The prevalence of personality disorders in the community: a global systematic review and meta-analysis

Published on Feb 1, 2020in British Journal of Psychiatry7.85
· DOI :10.1192/BJP.2019.166
Catherine Winsper21
Estimated H-index: 21
(Warw.: University of Warwick),
Ayten Bilgin9
Estimated H-index: 9
(Istanbul Medeniyet University)
+ 5 AuthorsVivek Furtado11
Estimated H-index: 11
(Warw.: University of Warwick)
Sources
Abstract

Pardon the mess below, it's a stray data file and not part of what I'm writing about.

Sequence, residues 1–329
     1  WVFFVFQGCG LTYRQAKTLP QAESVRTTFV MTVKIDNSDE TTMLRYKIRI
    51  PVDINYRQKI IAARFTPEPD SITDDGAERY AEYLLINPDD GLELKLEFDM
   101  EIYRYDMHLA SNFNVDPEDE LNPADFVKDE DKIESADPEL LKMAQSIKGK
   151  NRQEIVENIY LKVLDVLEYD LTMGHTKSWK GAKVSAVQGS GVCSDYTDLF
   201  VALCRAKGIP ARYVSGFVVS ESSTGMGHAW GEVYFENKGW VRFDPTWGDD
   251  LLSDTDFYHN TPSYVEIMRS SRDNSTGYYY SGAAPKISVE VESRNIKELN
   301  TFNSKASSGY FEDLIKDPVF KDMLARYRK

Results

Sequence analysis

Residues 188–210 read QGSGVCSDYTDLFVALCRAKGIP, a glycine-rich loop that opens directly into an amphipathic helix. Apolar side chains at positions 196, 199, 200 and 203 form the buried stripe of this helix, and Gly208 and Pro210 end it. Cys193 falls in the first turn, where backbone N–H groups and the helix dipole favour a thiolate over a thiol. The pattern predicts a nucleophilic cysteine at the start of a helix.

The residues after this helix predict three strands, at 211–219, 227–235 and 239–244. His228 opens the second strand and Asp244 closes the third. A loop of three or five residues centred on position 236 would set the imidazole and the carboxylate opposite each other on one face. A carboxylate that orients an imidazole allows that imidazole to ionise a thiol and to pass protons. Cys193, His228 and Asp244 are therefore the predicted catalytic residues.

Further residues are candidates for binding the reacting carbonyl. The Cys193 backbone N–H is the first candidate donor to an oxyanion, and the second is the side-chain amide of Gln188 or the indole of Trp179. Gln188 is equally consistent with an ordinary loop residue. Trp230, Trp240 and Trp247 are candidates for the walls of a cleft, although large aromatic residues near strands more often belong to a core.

Background Personality disorders are now internationally recognised as a mental health priority. Nevertheless, there are no systematic reviews examining the global prevalence of personality disorders. Aims To calculate the worldwide prevalence of personality disorders and examine whether rates vary between high and low and middle-income countries (LAMICs). Method We systematically searched PsycINFO, MEDLINE, EMBASE and PubMed from 1980 to May 2018 to identify articles reporting personality disorder prevalence rates in community populations (PROSPERO registration number: CRD42017065094). Results Forty-six studies (from 21 different countries spanning six continents) satisfied inclusion criteria. The worldwide pooled prevalence of any personality disorder was 7.8 % (95% Confidence Intervals: 6.1-9.5). Rates were greater in high income (9.6%; 95% CI: 7.9-11.3%) compared with LAMI (4.3%; 95% CI =2.6-6.1%) countries. In univariate meta-regressions, significant heterogeneity was partly attributable to study design (two-stage versus one-stage assessment), county income (high versus LAMI) and interview administration (clinician versus trained graduate). In multiple meta-regression analysis, study design remained a significant predictor of heterogeneity. Global rates of Cluster-A, B and C personality disorders were 3.8 % (3.2, 4.4%), 2.8% (1.6, 3.7%) and 5.0% (4.2, 5.9%). Conclusions Personality disorders are prevalent globally. Nevertheless, pooled prevalence rates should be interpreted with caution due to high levels of heterogeneity. More large-scale studies with standardised methodologies are now needed to increase our understanding of population needs and regional variations.
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